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The Ambiguous Legacy of ‘68 (cont’d)

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What better proof of capitalism’s triumph in the last three decades than the disappearance of the very term “capitalism”? So, again, the only true question today is: Do we endorse this naturalization of capitalism, or does today’s global capitalism contain contradictions strong enough to prevent its indefinite reproduction?

There are (at least) four such antagonisms: the looming threat of ecological catastrophe; the inappropriateness of private property rights for so-called “intellectual property”; the socio-ethical implications of new techno-scientific developments (especially in biogenetics); and, last but not least, new forms of apartheid, in the form of new walls and slums.

The first three antagonisms concern the domains of what political theorists Michael Hardt and Toni Negri call “commons” – the shared substance of our social being whose privatization is a violent act that should be resisted with violent means, if necessary (violence against private property, that is).

The commons of external nature are threatened by pollution and exploitation (from oil to forests and natural habitat itself); the commons of internal nature (the biogenetic inheritance of humanity) are threatened by technological interference; and the commons of culture – the socialized forms of “cognitive” capital, primarily language, our means of communication and education, but also the shared infrastructure of public transport, electricity, post, etc. – are privatized for profit. (If Bill Gates were to be allowed a monopoly, we would have reached the absurd situation in which a private individual would have owned the software texture of our basic network of communication.)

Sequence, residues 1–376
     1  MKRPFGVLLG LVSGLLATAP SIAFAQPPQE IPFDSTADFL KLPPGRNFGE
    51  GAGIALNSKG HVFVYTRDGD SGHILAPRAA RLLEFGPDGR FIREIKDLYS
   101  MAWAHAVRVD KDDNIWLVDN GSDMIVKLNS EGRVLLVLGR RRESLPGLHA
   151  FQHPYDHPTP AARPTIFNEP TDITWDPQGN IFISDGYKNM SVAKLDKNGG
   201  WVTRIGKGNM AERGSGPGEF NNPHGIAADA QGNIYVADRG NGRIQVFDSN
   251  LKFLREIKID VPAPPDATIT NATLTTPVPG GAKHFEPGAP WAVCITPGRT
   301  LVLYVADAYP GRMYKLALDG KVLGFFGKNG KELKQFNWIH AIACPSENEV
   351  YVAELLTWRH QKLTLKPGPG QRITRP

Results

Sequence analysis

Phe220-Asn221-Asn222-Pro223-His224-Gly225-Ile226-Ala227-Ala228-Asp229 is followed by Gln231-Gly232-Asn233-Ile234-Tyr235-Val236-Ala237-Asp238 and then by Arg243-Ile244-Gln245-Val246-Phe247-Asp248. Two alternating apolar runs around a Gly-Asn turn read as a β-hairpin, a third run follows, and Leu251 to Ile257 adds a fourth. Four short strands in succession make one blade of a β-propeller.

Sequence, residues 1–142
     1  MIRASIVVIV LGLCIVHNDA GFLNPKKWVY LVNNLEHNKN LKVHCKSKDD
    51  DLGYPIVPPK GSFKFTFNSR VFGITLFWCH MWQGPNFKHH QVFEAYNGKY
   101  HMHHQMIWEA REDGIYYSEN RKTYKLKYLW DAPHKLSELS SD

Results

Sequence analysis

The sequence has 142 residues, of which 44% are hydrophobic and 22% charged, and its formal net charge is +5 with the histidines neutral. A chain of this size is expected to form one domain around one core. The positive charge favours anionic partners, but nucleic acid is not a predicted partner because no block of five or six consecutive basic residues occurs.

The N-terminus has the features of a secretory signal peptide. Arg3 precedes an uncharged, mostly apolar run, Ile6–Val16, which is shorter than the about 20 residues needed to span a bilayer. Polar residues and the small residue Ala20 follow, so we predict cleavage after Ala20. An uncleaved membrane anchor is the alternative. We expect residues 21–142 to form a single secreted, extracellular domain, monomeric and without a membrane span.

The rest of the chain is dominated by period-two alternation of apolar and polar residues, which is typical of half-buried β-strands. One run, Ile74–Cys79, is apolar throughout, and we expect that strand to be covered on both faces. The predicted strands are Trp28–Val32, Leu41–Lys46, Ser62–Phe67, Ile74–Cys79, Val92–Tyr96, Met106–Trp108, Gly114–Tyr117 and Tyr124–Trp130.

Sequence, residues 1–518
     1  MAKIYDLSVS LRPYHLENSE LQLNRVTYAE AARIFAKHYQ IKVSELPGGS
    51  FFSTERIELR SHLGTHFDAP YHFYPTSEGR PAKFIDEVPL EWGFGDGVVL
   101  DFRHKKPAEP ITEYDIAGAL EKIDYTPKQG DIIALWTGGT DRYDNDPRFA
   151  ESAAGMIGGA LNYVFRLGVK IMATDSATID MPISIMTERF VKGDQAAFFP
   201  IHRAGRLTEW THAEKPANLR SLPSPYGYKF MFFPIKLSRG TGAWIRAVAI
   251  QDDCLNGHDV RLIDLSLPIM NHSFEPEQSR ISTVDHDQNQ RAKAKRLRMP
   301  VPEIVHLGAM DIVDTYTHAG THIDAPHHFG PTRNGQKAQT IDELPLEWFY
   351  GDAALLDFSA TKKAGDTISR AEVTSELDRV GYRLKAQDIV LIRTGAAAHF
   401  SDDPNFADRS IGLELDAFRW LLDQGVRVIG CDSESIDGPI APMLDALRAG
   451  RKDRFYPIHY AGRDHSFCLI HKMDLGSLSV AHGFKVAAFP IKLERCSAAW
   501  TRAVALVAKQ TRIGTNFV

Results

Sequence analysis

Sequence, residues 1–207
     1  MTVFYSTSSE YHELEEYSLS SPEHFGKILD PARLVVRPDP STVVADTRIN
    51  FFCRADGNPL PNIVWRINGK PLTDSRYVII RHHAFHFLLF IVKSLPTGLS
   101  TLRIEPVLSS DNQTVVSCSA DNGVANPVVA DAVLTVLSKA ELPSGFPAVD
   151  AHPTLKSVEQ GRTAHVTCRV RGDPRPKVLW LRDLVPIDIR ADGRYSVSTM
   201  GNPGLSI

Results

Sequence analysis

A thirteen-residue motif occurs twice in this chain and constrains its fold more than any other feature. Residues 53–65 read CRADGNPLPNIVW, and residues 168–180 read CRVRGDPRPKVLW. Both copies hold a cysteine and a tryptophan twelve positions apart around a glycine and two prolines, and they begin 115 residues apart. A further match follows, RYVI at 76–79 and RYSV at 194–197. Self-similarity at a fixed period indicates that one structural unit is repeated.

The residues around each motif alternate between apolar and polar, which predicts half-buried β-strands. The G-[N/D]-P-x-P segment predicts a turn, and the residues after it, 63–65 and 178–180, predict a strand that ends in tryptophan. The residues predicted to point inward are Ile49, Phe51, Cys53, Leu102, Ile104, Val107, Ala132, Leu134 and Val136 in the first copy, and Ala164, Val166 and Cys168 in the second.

We are gradually becoming aware of the destructive potential, up to the self-annihilation of humanity itself, that could be unleashed if the capitalist logic of enclosing these commons is allowed a free run.

Economist Nicholas Stern rightly characterized the climate crisis as “the greatest market failure in human history.”

There is an increasing awareness that we need global environmental citizenship, a political space to address climate change as a matter of common concern of all humanity.

One should give weight to the terms “global citizenship” and “common concern.” Doesn’t this desire to establish a global political organization and engagement that will neutralize and channel market forces mean that we are in need of a properly communist perspective? The need to protect the “commons” justifies the resuscitation of the notion of Communism: It enables us to see the ongoing “enclosure” of our commons as a process of proletarization of those who are thereby excluded from their own substance.

It is, however, only the antagonism between the Included and the Excluded that properly justifies the term Communism. In slums around the world, we are witnessing the fast growth of a population outside state control, living in conditions outside the law, in terrible need of minimal forms of self-organization. Although marginalized laborers, redundant civil servants and ex-peasants make up this population, they are not simply a redundant surplus: They are incorporated into the global economy, many working as informal wage workers or self-employed entrepreneurs, with no adequate health or social security coverage. (The main source of their rise is the inclusion of the Third World countries in the global economy, with cheap food imports from the First World countries ruining local agriculture.) These new slum dwellers are not an unfortunate accident, but a necessary product of the innermost logic of global capitalism.